Like many around the globe, I've been fascinated by the premature legend of LeBron James and even more stunned by his ongoing realization of it. The kid was anointed the Next Big Thing when he was, what, a sophomore in high school?
Possibly a junior?
That means King James was a prince at the age of 14 or 15 and was bequeathed the keys to the throne room about the same time he got the keys to an automobile. That's a considerable burden of potential and expectation to carry around at such a young age, but James has—to this point—delivered at every step of his maturation.
However, we might be seeing the openings of a few cracks in his flawless public persona.
First, there was the ugly-yet-understandable episode after the Orlando Magic sent James' Cleveland Cavaliers home for the summer from the 2009 Eastern Conference Finals. That night, we were all witnesses to LeBron's insolent display of poor sportsmanship.
The Chosen One stalked off the court, refusing to shake the victor's hand.
Ultimately, the scene could be dismissed as a momentary blip on the radar of a feverish competitor and born winner. You must learn to lose with dignity just as you must learn to win with it and it's entirely understandable that a beast like LeBron James would learn the latter well-before the former.
Then came the posterizing of James at his own camp and subsequent confiscation of its evidence. Initial reports were that Nike order seizure of the tape, but eventually rumors surfaced that it was King James, himself, who lay down the kibosh.
Strike two on the intolerable ego front—what professional basketball player hasn't been dunked on at some point? For that matter, what college player hasn't?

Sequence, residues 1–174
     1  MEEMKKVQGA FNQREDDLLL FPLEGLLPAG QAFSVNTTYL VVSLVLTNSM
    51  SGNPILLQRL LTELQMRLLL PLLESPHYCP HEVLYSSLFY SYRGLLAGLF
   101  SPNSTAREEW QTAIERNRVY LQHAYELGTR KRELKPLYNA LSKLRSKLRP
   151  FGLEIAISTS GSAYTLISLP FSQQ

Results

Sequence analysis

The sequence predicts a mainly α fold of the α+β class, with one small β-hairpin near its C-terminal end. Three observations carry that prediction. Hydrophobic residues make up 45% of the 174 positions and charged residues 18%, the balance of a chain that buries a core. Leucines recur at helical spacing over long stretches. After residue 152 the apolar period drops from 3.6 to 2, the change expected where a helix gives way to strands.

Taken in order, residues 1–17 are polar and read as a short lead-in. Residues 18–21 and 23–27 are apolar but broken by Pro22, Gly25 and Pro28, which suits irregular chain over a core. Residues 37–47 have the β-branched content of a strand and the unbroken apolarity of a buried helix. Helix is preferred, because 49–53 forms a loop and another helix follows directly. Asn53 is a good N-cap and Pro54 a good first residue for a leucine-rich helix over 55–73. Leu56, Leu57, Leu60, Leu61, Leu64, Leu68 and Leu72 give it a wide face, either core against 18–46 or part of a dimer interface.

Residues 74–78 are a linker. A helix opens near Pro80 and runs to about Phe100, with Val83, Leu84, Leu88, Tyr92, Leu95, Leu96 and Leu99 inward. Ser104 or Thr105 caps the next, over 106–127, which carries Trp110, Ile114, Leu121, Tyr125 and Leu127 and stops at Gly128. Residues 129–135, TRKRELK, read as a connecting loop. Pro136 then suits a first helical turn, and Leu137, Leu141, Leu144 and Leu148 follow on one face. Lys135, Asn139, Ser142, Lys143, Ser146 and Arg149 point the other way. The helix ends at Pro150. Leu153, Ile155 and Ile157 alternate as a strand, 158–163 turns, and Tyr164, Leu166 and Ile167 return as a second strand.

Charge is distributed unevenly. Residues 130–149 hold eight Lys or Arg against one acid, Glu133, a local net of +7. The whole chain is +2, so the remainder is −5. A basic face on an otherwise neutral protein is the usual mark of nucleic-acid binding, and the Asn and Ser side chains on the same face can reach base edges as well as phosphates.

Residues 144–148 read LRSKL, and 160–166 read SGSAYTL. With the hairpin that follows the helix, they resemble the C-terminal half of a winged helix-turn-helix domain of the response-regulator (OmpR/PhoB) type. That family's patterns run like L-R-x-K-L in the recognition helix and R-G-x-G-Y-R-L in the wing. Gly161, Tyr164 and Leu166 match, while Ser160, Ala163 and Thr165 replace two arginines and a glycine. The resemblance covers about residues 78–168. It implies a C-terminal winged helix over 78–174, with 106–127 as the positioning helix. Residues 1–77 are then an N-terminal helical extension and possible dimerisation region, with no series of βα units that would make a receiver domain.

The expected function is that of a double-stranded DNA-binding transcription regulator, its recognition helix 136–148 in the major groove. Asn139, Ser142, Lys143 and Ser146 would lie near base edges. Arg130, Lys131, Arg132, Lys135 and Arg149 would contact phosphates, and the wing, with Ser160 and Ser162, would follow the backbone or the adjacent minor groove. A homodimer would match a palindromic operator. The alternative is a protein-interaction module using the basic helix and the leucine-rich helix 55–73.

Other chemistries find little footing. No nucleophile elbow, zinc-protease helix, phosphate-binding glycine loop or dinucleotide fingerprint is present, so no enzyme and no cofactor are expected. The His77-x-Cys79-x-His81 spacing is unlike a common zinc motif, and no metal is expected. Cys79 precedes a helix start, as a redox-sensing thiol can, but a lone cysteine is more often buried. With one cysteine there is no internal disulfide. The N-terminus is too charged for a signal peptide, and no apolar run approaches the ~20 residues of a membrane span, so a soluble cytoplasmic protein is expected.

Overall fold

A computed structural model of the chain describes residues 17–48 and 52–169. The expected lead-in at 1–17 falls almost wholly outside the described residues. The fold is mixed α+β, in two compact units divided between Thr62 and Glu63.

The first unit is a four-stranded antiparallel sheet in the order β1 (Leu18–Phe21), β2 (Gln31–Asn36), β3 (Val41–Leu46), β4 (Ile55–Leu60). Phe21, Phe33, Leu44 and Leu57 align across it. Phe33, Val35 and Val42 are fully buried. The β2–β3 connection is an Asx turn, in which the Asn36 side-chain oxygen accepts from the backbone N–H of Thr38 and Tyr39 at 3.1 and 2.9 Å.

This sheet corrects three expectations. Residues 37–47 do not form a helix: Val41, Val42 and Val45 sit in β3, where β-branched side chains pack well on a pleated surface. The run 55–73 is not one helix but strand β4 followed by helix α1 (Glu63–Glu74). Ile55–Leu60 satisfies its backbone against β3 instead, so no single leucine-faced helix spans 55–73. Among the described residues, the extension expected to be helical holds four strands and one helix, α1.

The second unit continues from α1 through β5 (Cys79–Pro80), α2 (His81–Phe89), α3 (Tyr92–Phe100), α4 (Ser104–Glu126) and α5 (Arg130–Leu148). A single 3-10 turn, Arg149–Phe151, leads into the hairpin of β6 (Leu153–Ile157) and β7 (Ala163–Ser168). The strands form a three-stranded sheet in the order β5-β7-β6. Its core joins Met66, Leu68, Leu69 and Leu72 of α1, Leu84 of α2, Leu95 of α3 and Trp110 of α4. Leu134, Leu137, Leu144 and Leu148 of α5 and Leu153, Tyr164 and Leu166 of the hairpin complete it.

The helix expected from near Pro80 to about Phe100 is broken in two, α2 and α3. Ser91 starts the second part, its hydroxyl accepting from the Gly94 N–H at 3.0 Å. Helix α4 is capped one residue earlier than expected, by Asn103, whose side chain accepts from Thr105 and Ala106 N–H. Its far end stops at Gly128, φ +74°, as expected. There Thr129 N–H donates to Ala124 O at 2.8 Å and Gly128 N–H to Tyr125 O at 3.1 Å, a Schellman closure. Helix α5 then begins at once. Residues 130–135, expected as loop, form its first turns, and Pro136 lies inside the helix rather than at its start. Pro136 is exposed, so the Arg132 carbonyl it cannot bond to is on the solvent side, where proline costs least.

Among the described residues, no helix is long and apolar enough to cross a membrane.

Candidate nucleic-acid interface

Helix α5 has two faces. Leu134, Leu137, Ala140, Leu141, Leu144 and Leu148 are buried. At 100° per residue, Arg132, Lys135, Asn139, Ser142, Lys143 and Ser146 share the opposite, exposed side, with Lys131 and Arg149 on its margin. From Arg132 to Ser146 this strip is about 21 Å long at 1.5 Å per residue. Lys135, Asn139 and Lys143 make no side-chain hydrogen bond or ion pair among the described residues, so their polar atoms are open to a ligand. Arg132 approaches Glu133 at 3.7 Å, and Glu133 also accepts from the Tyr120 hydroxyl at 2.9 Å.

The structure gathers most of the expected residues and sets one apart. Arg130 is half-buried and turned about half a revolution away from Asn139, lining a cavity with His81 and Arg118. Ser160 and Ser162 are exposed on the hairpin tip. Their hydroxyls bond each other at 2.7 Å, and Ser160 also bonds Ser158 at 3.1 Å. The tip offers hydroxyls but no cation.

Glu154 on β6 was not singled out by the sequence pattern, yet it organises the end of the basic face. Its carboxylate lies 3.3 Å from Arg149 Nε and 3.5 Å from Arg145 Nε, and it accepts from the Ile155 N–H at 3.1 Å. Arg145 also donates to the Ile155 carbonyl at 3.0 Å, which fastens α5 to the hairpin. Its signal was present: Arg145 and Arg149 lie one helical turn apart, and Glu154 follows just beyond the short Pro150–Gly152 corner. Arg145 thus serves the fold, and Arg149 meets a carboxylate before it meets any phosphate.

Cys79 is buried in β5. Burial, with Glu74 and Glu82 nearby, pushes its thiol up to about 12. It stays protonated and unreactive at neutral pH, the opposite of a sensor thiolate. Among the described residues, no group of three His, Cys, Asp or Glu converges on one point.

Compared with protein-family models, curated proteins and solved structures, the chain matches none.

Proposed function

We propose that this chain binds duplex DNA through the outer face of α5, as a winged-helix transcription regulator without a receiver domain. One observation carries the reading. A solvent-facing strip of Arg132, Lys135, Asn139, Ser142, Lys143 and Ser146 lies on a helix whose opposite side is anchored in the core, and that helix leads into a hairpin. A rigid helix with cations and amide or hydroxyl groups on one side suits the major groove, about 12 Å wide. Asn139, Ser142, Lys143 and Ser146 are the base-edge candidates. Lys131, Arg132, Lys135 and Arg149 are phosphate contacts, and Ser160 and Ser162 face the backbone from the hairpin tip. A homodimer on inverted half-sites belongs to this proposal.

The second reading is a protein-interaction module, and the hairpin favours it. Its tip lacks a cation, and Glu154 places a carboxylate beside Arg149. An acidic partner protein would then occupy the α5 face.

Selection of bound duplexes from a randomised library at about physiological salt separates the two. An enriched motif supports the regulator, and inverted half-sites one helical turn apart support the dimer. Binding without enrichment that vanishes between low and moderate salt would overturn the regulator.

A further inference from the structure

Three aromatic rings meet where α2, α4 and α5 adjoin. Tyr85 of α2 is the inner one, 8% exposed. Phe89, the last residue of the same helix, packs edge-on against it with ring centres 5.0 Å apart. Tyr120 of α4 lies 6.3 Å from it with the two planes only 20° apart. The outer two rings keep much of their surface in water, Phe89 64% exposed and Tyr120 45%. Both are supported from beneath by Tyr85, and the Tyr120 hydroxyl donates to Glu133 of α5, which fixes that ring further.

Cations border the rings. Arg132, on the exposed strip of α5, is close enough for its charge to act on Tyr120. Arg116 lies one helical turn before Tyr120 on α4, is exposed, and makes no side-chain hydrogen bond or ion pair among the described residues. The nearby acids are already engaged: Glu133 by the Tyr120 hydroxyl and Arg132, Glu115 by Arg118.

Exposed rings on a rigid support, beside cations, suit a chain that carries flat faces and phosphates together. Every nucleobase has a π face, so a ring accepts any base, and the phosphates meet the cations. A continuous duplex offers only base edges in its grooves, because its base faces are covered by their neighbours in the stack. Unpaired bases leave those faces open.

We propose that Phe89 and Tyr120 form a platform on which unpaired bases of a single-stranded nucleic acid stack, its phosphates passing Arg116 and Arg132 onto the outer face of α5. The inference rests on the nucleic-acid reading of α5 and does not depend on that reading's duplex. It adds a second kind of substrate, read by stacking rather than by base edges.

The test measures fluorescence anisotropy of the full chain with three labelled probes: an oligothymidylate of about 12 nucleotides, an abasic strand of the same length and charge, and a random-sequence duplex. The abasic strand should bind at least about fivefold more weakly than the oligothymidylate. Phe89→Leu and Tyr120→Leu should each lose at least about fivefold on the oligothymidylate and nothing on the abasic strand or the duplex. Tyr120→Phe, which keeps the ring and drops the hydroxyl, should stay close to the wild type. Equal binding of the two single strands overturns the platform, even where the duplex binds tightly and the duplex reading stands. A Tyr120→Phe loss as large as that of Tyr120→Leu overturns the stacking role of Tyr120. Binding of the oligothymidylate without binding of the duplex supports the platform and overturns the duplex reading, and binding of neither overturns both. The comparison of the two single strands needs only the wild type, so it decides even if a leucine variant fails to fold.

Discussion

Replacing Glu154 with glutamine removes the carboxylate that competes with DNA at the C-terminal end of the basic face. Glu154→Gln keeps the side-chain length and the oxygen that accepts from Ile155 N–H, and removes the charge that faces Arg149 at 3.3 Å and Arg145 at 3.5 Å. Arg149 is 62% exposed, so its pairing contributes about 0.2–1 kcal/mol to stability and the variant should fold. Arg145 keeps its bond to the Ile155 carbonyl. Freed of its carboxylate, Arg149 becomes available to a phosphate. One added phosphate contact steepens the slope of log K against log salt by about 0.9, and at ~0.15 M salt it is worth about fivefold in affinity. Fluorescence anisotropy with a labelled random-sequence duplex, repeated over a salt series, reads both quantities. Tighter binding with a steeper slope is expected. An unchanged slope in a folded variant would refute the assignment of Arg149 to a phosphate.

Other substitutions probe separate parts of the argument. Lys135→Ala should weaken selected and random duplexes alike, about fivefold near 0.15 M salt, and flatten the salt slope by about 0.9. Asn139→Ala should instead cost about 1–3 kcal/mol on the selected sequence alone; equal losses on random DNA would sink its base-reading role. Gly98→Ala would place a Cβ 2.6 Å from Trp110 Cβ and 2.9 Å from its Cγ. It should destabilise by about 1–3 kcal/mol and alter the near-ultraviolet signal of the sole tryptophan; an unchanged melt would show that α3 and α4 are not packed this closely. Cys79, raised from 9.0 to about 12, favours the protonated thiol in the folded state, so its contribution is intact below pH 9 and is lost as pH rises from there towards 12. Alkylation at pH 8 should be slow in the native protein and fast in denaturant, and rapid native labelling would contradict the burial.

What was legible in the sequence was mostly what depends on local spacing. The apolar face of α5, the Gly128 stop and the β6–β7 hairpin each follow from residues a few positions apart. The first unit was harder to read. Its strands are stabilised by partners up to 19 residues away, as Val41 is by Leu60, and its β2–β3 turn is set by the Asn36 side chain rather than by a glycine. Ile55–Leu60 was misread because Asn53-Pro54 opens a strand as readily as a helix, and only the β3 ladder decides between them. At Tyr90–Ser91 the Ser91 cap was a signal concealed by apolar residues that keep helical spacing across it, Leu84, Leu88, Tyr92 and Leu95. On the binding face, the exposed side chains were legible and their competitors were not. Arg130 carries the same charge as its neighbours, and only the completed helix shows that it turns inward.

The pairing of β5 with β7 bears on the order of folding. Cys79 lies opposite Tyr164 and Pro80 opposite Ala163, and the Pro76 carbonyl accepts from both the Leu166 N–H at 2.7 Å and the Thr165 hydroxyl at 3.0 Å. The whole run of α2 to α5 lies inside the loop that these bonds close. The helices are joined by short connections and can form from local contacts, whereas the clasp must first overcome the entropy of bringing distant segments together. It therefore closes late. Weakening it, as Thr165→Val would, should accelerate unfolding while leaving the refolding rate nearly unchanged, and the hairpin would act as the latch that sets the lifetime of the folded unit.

Furthermore, it was a freakin' summer camp! Only someone who fancies himself really special would feel the need to spasm into damage control over something so trivial. Dear me...
Now there's this over-before-it-started crusade to get Michael Jordan's No. 23 retired across the National Basketball Association a la Jackie Robinson's No. 42 in Major League Baseball.
If you want to read a genuine Sherman-through-the-South assault on James' stunt, check this outstanding work by FOX Sports' Kevin Hench. I'm not sure I agree with all of Hench's observations, but he raises more than a couple scathing points (like the bit about retiring MJ's number while switching to Bill Russell's No. 6).
Regardless, I don't think you need to go to such extrapolations to see trouble brewing in LeBron James' world.
From his own lips: "I feel like no NBA player should wear 23. I'm starting a petition, and I've got to get everyone in the NBA to sign it. Now, if I'm not going to wear No. 23 , then nobody else should be able to wear it." [Emphasis added]
Whoa, whoa, whoa—is the NBA supposed to retire Michael Jordan's number because of how great the man who wore the jersey was? Or because of how great the guy suggesting its retirement is?
Is this about His Airness or His Heirness?
Perhaps it was a simple slip of the tongue by a still-maturing 24-year-old youngster. Maybe it was an awkward, but innocuous manifestation of James' necessarily strong self-confidence. Maybe it was merely poor execution of a noble tribute.
Or maybe it was strike three.
Given the last six months or so as well as the regal aura that's always permeated LeBron James' immediate vicinity, I'd say there's reason to worry. The man's always had a healthy opinion of himself—no doubt about it. But this could be something different.
The Association's premiere young talent may be developing its most insufferable ego.
And nobody wants to see that.